Masao Gorai

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Masao Gorai
Masao Gorai
Born (1916-12-00)December 0, 1916 Template:Error Template:Error
Died (2002-02-04)February 4, 2002
Residence Haramachi-Shi, Japan
Nationality Japanese
Known for Expanding Earth
Scientific career
Fields Geologist

Gorai was born in 1916, graduated from the Tokyo University of Education and dedicated all his life to the study of magmatism and earth evolution. He was one of the three founding members of the Geological Collaboration Association of Japan (CHIDANKEN). The paper on Gorai Twin first appeared in a Japanese journal in 1947, and petrologists in other parts of the world had to wait until 1951 when the paper was published in American Mineralogist. The method enabled the distinction between igneous and metamorphic granites, a topic of hot debates in the 1940s to 1950s. In addition to his above classic paper, Gorai also published another important paper in 1951, as the clear antithesis to the Bowen?s primary basaltic magma theory, emphasizing the role of the interaction of crustal material and mantle material in the process of magma generation. In middle 1950s, M. Gorai changed the idea of granite genesis from the granitization of sedimentary rocks to mantle derivation through his new study of Pb isotopes. He inaugurated and developed the isotopic petrology laboratory in his department, and made many pioneer and advanced studies based on both Rb?Sr and Sm?Nd isotopic systematics, opening a new generation of petrologists and isotope geochemists. M. Gorai?s first series of Japanese textbooks, Petrogenesis of Igneous Rocks appeared in 1955-1958. The books carried a series of ideas of magma generation through mantle-crust interaction. These, and his subsequent works encouraged many young Japanese researchers. M. Gorai was in agreement with the Masao Gorai (1916-2002) Gondwana Research (Gondwana Newsletter Section) V. 6, No. 4, pp. 938-939. ? 2003 International Association for Gondwana Research, Japan. GNL Gondwana Research, V. 6, No. 4, 2003 939 Wegener?s continental drift theory, but disagreed to extend it into further earlier times. He was inclined more towards the concept of expanding earth, and considered this responsible for the principal dispersion of the supercontinent in the Cretaceous time. His textbooks after the 1970s are based on the above idea.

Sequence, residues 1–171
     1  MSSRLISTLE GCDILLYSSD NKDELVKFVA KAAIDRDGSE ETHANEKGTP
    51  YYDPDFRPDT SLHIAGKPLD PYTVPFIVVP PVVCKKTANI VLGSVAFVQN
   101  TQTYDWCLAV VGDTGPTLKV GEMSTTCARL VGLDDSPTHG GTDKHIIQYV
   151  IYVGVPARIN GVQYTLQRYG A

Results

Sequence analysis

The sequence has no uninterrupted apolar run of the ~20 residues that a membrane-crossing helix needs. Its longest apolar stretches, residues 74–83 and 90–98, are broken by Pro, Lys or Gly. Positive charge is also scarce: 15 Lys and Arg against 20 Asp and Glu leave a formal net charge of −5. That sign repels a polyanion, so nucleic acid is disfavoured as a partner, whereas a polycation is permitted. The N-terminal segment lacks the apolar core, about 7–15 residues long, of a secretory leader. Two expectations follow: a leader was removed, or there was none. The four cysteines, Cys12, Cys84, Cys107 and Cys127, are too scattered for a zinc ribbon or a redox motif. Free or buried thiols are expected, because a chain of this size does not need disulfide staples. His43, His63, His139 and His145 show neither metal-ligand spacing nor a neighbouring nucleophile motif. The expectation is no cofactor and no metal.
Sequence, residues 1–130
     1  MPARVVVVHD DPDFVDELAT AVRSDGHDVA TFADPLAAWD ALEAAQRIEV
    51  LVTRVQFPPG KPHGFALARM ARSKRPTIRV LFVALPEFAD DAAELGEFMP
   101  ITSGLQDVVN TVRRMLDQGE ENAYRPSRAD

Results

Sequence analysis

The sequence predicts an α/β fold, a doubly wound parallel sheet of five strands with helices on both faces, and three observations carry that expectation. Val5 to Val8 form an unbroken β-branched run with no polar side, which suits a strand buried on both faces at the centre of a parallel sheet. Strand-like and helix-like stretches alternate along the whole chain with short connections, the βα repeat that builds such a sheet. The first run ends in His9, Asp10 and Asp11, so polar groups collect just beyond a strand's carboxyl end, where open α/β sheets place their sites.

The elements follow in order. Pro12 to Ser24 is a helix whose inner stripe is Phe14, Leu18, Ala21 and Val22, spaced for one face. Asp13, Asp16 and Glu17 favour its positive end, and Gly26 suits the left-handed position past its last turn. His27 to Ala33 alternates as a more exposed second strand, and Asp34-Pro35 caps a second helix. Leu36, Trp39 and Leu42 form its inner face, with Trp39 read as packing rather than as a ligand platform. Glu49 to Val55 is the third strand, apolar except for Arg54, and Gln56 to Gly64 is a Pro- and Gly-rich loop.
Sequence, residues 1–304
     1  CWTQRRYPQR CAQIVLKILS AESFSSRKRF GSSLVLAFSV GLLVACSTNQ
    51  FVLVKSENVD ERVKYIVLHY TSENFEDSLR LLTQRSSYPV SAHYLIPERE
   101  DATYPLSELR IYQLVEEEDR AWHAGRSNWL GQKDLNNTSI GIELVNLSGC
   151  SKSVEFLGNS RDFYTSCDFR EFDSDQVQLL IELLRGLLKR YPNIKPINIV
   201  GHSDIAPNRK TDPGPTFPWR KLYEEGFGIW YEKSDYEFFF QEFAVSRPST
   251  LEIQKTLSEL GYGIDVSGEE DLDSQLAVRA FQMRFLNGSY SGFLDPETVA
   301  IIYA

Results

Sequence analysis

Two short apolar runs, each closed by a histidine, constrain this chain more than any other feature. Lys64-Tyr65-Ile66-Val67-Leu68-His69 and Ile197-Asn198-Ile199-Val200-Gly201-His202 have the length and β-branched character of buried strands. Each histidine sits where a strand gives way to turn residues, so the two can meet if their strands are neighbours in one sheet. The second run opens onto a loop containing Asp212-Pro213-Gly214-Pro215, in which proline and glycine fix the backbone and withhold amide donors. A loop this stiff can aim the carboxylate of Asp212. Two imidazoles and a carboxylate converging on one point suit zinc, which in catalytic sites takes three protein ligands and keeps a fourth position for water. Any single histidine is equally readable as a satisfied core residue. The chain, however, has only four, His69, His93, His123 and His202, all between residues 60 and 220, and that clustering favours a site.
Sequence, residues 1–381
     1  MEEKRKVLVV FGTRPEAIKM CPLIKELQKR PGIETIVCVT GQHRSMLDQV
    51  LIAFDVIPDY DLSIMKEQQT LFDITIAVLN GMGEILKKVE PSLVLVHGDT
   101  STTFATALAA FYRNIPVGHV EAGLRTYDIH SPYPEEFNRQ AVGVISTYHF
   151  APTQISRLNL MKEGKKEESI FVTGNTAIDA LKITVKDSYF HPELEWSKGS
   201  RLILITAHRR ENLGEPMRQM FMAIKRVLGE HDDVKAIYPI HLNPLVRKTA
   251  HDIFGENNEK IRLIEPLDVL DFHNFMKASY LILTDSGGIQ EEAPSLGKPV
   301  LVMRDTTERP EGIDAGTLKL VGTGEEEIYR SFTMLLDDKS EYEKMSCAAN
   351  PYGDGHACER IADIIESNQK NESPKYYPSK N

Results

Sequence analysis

In His Own Words

"I have been investigating the tectonic and enigmatic evolution of the Earth for the past twelve years. As a result I believe now that the most fundamental motive force responsible for such evolutional processes is the Earth's expansion, which might have happened through the inversion of super-dense phases deep in the Earth into ordinary molecular phases. The inversion may perhaps be the result of pressure decrease which is due to the secular decrease of G in the expanding universe. As an alternative, however, I would like to notice the problem of secular temperature increase deep in the Earth.

Through my study, I have been much inspired by several forerunners of the Earth's expansion hypothesis, especially by the excellent book of Dr. S. W. Carey, published in 1976."